source: Stock & Land 22/07/2008
Mustard plants are proving too hot to handle for some crop pests, and are providing an innovative bio-control for fruit and vegetable farmers. "Brassica plants naturally release compounds that suppress pests and pathogens, principally isothiocyanates (ITCs), which most people would recognise as the 'hot' flavour in mustard or horseradish," CSIRO's Dr John Kirkegaard said.
Although it is a centuries-old farming practice, its modern applications will be put under the microscope at the Third International Biofumigation Symposium in Canberra this week where .
Researchers, growers and industry specialists from 22 countries will share the latest research into the use of brassica species - such as mustard, radish, or rapeseed - to manage soil-borne pests and weeds.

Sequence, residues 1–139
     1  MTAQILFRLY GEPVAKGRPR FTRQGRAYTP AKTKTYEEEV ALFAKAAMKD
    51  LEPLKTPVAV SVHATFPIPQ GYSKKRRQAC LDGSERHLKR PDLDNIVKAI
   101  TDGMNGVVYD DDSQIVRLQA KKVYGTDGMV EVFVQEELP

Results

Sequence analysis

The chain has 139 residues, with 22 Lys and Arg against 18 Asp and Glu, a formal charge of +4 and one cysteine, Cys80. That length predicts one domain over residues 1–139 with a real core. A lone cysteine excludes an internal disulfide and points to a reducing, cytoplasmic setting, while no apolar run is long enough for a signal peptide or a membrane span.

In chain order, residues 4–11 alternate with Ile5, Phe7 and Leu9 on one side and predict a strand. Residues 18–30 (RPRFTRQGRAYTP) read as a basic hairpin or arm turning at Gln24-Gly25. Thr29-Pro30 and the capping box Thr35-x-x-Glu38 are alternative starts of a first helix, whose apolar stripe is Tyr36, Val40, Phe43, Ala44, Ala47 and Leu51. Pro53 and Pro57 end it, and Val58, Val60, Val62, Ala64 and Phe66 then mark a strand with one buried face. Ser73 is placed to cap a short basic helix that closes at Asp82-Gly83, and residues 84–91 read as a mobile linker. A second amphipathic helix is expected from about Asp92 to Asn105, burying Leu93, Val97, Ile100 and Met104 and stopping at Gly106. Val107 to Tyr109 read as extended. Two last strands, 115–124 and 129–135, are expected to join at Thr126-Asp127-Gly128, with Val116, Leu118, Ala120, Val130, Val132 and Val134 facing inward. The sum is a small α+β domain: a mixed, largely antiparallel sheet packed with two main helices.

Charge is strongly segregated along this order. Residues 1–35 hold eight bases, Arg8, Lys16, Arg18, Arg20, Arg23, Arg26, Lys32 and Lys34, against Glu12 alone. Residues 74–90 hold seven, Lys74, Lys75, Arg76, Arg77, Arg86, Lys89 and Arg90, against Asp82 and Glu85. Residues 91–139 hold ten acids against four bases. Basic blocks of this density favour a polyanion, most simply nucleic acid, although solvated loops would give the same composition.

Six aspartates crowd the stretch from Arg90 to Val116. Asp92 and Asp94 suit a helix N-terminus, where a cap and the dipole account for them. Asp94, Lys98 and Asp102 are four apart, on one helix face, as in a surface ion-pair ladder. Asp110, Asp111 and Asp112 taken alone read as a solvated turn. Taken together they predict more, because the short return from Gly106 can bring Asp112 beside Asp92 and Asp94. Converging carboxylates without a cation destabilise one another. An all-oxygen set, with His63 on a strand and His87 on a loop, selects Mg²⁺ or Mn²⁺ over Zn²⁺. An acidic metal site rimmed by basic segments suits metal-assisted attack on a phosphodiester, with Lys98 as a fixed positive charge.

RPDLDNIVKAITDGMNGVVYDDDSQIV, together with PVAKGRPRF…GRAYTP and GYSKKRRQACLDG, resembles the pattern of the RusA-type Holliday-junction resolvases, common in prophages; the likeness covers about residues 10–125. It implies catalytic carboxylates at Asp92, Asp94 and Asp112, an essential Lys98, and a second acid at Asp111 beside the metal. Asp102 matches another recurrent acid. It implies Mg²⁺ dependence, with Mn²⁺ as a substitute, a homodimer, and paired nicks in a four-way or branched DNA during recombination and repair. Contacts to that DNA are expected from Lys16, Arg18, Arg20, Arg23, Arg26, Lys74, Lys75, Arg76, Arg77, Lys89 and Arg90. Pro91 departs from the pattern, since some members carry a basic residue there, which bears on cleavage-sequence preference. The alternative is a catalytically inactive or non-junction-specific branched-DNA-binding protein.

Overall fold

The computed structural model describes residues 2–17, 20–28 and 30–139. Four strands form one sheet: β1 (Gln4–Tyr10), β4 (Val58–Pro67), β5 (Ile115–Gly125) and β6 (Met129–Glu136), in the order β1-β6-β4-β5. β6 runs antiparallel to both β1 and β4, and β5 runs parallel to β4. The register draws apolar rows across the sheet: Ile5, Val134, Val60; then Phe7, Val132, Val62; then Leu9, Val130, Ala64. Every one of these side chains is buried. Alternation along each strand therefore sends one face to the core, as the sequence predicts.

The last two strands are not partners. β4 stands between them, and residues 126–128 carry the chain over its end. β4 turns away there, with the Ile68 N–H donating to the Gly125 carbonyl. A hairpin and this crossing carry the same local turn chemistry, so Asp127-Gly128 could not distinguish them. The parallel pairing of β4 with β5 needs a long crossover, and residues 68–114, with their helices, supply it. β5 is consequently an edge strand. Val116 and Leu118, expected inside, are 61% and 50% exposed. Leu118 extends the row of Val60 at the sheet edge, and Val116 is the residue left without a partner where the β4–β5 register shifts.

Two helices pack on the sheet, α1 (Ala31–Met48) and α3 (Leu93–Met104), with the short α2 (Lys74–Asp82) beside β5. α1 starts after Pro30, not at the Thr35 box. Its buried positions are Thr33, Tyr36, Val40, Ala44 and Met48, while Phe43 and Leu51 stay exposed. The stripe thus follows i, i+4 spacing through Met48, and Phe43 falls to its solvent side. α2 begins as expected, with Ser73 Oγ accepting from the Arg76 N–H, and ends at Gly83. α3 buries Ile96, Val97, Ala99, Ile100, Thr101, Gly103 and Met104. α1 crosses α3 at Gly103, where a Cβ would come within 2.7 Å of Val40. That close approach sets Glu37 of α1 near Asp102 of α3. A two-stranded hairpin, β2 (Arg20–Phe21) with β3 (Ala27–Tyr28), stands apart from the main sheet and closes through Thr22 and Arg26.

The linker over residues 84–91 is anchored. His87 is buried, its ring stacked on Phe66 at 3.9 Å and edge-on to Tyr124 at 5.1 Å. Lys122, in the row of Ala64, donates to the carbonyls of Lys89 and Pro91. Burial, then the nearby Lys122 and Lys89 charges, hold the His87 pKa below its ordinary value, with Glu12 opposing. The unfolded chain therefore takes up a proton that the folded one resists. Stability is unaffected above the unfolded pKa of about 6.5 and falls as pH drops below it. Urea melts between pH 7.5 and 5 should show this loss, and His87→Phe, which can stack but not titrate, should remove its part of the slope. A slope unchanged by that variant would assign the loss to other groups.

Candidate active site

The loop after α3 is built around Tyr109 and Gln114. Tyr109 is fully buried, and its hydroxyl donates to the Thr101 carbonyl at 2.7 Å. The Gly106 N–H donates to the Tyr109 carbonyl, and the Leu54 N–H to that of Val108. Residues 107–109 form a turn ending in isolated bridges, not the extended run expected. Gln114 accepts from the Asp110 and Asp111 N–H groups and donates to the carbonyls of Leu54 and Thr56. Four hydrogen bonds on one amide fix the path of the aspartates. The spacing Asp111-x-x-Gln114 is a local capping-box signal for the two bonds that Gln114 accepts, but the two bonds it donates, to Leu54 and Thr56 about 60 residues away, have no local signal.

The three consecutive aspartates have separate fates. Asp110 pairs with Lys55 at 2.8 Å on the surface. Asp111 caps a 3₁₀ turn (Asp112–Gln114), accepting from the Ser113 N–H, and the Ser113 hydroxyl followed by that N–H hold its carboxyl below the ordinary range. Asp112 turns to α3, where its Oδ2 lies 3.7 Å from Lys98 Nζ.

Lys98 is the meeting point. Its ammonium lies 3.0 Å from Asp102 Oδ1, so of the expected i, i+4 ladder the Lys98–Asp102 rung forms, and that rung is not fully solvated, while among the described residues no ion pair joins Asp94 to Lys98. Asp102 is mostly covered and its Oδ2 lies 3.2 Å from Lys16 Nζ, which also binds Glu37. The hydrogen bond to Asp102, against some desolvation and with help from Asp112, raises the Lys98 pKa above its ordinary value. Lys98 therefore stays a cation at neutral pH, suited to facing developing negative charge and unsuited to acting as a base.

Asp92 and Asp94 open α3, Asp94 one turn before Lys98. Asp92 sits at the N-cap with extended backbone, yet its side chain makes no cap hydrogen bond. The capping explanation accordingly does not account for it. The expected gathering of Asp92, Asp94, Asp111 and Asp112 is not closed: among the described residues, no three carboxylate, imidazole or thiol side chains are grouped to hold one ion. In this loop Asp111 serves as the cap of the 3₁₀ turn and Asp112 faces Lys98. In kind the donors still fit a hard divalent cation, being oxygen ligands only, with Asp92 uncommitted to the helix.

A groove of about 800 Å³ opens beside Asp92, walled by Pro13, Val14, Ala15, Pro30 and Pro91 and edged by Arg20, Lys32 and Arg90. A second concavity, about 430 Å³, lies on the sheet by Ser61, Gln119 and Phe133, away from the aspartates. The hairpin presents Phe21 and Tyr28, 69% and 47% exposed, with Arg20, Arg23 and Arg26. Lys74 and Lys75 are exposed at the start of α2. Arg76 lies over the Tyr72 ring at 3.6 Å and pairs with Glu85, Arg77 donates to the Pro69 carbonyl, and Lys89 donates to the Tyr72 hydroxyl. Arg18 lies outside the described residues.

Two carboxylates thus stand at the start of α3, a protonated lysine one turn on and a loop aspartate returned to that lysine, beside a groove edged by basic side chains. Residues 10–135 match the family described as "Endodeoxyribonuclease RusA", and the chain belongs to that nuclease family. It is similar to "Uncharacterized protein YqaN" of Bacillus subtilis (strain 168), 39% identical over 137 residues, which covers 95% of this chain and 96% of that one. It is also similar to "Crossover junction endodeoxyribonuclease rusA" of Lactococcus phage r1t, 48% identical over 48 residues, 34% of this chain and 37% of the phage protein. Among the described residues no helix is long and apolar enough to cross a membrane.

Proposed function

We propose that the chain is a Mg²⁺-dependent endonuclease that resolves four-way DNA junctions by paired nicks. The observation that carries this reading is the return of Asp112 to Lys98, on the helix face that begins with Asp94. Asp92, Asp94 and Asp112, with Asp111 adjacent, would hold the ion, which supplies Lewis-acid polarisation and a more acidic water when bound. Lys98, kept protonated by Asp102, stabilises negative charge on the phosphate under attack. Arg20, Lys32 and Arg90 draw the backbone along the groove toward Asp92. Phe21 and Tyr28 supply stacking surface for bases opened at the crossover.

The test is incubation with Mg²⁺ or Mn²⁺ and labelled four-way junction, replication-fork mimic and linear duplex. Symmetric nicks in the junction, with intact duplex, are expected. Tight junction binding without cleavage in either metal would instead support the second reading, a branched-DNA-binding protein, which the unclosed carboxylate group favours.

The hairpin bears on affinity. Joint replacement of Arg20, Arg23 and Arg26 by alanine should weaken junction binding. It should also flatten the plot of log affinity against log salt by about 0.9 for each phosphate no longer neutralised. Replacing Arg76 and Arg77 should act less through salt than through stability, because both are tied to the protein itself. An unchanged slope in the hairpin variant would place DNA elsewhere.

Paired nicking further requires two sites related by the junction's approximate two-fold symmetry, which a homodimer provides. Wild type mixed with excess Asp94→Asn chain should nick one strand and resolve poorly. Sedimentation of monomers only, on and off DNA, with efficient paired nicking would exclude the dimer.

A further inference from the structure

"The technique is relevant to developed countries seeking alternatives to banned synthetic pesticides such as methyl-bromide, as well as poor farmers in developing countries who often have few alternatives for controlling serious diseases in their crops.
"It can provide economic and social benefits, as improved crop yields lead to increased incomes, as well as a range of environmental and health benefits from a reduced reliance on fumigants and pesticides."
Using brassicas to manage soil-borne pests is not new, but modern science is providing new insights and techniques to enhance the reliability of the effect as part of an integrated pest control strategy.
Brassicas can also provide other benefits to the soil as green manures.
Australian scientists are at the forefront of this area of research, in projects on tropical vegetable production systems in north Queensland and the Philippines, supported by the Australian Centre for International Agricultural Research, and on temperate southern Australian vegetable production, supported by Horticulture Australia Limited.